Archbishop of Canterbury says reconciliation is the Easter effect

By staff writers
April 8, 2007

In his Easter sermon, preached at Canterbury Cathedral this morning, Archbishop of Canterbury Dr Rowan Williams said the Gospel message was that the whole weight of human failure cannot extinguish the creative love of God.

Dr Williams acknowledged that conflict and failure are part of the human condition, but he said that Jesus' death and resurrection radically reorders the situation: “We share one human story in which we are all caught up in one sad tangle of selfishness and fear and so on. But God has entered that human story; he has lived a life of divine and unconditional love in a human life of flesh and blood.”

He recalled a visit to the Solomon Islands in 2004 when one of the leaders caught up in the islands’ recent civil war took public responsibility for failure: “He said ‘I want you to bless us; I need to say in public that we were responsible as well as the people on the islands…’ Here was a politician representing a community that had suffered greatly and inflicted great suffering as well saying ‘We were all wrong. We needed healing and forgiveness…’ And it was as if for the first time you could see the bare bones of what reconciliation means.”

This lesson, said Dr Williams, can be learnt in other conflicts when people learn to listen to stories other than their own: “…going forward requires us all to learn a measure of openness to discovering things about ourselves we did not know, seeing ourselves through the eyes of another. What they see may be fair or unfair, but it is a reality that has been driving someone’s reactions and decisions. We’d better listen, hateful and humiliating though it may be for some of us.”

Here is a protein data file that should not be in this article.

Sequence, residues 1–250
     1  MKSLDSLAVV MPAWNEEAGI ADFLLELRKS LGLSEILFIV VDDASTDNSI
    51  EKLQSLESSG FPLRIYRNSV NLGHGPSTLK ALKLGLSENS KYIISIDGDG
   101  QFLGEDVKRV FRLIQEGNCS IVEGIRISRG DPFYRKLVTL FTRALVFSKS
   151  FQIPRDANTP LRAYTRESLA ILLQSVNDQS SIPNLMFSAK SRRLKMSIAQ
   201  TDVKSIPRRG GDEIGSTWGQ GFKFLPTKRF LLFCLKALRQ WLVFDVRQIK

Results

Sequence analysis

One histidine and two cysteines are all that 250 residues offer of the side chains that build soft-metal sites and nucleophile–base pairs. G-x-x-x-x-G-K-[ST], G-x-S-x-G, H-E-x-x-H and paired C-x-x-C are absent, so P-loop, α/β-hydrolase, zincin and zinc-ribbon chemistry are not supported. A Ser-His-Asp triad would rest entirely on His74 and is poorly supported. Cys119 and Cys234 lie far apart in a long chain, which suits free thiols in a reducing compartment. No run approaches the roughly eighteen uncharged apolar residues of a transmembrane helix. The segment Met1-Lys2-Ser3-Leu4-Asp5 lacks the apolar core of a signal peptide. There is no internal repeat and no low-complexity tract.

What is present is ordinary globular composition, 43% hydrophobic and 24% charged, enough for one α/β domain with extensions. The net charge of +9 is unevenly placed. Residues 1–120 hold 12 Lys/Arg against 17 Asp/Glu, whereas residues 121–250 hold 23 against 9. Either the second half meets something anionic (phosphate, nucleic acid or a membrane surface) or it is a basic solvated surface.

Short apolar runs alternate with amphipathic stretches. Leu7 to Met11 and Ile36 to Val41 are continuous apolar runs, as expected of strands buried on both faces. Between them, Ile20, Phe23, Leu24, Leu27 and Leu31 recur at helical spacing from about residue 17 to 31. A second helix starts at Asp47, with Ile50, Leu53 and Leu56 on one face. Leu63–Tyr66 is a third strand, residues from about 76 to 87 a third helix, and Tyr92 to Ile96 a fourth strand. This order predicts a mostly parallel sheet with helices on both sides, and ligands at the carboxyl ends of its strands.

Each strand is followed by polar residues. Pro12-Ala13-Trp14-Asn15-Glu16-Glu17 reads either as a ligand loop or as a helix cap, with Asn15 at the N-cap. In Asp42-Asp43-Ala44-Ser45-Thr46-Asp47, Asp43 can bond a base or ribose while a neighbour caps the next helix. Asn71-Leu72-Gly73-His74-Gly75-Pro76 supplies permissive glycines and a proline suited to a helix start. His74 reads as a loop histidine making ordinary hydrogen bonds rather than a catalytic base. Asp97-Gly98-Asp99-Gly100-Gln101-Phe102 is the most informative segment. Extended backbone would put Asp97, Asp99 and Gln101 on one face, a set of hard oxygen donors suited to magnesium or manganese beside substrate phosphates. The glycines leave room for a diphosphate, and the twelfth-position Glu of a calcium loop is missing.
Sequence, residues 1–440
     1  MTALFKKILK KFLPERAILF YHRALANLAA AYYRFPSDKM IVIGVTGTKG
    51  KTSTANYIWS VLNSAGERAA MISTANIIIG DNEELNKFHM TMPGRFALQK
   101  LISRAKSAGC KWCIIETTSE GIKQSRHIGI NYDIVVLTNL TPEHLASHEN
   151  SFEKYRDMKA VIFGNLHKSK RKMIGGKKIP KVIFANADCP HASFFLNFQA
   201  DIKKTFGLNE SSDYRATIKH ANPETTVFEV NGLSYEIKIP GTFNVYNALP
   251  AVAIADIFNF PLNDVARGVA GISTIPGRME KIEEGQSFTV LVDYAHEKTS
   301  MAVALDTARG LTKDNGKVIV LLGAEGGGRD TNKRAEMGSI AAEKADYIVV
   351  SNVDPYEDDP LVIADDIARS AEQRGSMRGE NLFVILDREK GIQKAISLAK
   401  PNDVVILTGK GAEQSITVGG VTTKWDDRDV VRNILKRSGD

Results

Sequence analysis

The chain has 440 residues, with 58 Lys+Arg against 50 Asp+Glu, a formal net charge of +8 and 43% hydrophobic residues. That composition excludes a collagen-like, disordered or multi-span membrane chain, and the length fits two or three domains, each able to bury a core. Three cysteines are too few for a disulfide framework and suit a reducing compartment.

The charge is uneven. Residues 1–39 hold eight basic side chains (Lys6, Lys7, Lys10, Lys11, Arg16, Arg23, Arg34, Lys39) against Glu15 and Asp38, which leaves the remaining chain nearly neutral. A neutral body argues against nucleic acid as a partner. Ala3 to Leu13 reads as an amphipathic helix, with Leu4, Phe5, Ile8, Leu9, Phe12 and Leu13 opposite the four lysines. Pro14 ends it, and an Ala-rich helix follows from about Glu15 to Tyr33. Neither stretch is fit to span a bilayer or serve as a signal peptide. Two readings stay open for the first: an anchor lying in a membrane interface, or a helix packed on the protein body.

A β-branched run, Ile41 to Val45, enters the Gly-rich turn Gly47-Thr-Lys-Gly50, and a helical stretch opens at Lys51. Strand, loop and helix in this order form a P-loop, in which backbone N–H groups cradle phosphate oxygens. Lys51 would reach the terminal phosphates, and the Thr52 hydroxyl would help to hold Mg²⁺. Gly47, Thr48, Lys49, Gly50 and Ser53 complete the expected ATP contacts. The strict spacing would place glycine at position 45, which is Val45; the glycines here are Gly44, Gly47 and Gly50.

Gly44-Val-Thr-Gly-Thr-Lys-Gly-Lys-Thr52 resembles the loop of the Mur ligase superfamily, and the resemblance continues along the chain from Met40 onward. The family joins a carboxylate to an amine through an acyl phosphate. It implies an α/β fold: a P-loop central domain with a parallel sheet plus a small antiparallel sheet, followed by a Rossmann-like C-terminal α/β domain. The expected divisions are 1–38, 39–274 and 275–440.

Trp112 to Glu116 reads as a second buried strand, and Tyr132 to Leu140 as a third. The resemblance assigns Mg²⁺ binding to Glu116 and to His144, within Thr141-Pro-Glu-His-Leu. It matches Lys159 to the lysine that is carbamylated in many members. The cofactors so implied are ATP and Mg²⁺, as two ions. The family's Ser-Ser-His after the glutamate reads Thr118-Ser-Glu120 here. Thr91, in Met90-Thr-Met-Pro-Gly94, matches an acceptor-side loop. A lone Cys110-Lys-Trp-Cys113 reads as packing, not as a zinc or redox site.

In Northern Ireland, he said, progress towards reconciliation had made it possible for people to start to hear each other’s histories; this meant that they needn’t be bound by the past: “There have been two stories in Northern Ireland for such a long time, two incompatible stories … and then there comes a moment when the possibility is just dimly discerned that neither of these perceptions is an objective record; that everyone in this history made decisions, some shockingly evil, some tragic, some foolish - and that those decisions and the sufferings that came from them don’t have the power to tell you what decisions you have to make today.”

The Easter story, he the Archbishop declared, provides strength and encouragement: “If we can accept the unwelcome picture of us and our world that Good Friday offers, we are in the strangest way, set free to hear what Easter says. Give up the struggle to be innocent and the hope that God will proclaim that you were right and everyone else wrong. Simply ask for whatever healing it is that you need, whatever grace and hope you need to be free, then step towards your neighbour; Easter reveals a God who is ready to give you that grace and to walk with you.”

He concluded: “When in our world we are faced with the terrible deadlocks of mutual hatred and suspicion, with rival stories of suffering and atrocity, we have to pray for this resurrection message to be heard."

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